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Debunking Birth Control

Maybe it’s just me (and who I follow on social media), but it sure seems like everyone is talking about their experiences going off of birth control recently (honestly, that’s what prompted me to start this month-long discussion about our hormones).  And what’s REALLY strange to me is that women seem to be giving a disclaimer prior to talking about their experience with birth control by saying, “maybe this is TMI” and treating it like a taboo topic.  In my line of work, I am totally comfortable talking with my patients and clients not only about birth control, but also about their cycles. It continues to surprise me that most women that I work with have very little understanding of their cycle and how hormonal birth control can affect things. I often wonder if the lack of understanding surrounding this topic is what keeps women from feeling like they can talk freely about it. Ladies, let’s educate ourselves so that we are comfortable starting a discussion about our cycles!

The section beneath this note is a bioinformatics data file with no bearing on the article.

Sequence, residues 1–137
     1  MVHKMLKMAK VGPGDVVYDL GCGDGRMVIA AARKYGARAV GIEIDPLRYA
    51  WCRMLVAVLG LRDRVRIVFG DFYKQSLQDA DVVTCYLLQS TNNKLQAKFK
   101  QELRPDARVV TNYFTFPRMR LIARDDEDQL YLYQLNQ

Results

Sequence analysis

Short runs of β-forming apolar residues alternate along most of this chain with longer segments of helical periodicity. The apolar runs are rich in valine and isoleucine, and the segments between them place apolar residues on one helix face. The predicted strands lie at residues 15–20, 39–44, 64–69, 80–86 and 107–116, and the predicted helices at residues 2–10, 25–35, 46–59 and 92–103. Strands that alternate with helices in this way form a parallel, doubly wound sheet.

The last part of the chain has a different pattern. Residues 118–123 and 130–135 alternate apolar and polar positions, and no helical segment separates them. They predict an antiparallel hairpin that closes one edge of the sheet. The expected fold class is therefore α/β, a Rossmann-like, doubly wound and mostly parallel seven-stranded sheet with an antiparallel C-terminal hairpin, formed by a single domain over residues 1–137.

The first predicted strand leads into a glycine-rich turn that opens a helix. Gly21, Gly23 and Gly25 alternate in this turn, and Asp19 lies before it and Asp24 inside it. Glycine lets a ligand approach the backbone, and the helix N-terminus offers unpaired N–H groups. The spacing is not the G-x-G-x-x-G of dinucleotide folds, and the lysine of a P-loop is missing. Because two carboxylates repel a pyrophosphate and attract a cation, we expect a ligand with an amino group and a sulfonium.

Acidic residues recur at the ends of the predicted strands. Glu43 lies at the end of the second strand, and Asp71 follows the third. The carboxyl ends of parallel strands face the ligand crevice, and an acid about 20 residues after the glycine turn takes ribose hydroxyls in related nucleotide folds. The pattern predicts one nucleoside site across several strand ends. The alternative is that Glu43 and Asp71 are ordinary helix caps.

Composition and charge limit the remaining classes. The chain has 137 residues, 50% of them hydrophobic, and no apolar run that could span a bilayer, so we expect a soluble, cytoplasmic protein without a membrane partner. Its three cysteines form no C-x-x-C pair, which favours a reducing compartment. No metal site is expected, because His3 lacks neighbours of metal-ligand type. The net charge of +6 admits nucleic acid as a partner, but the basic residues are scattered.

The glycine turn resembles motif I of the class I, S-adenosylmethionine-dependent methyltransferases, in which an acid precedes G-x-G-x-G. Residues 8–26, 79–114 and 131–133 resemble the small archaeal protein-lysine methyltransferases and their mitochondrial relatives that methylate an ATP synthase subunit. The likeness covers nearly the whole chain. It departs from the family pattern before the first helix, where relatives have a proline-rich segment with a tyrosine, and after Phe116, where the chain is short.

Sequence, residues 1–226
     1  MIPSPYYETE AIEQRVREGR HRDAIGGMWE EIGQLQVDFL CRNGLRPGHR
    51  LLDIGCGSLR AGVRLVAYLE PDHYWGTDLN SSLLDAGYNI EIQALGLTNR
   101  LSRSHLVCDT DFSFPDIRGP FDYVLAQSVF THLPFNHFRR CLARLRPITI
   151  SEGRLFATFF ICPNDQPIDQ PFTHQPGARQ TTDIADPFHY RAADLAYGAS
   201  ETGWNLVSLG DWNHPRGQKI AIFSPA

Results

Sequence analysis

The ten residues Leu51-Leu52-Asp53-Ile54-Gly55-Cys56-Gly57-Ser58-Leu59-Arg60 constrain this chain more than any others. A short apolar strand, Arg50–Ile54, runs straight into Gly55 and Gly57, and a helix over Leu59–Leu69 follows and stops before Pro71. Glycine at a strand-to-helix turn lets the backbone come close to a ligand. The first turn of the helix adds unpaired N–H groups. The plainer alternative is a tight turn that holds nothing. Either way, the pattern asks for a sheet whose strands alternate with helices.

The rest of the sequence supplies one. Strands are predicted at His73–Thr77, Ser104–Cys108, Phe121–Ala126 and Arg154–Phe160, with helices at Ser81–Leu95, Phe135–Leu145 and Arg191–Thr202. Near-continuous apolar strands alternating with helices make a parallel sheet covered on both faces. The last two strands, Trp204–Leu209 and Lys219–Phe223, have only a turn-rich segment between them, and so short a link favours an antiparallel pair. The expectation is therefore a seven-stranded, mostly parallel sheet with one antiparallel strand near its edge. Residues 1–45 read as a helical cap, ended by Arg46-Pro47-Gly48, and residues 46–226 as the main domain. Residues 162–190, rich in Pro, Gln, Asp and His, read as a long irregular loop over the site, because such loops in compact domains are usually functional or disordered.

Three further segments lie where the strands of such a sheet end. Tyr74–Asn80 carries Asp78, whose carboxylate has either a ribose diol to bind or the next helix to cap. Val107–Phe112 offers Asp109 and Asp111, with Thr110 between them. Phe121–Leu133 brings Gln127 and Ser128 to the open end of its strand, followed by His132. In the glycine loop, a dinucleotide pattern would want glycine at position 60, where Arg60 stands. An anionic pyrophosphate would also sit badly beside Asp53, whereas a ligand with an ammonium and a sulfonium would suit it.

Let me start by recounting my own personal journey with birth control, which began when my primary care doctor was quick to prescribe oral contraceptive pills (OCP) at my yearly physical when I was 16 years old in response to my complaints of menstrual cramps (mind you, I had my period for less than a year, but I digress). Perhaps this is actually is TMI, but I wasn’t anywhere close to being sexually active at that age!  Regardless, I stayed on the pill until I was 29 years old – and my doctors NEVER questioned it, even though my mother was diagnosed with breast cancer (a hormone-receptive cancer) at a young age!  I guess I assumed that long-term birth control use was the norm for young women, and that it had to be “safe” since all of my doctors were so quick to refill my prescription year after year. In total, I was feeding my body a synthetic hormone for 13 years!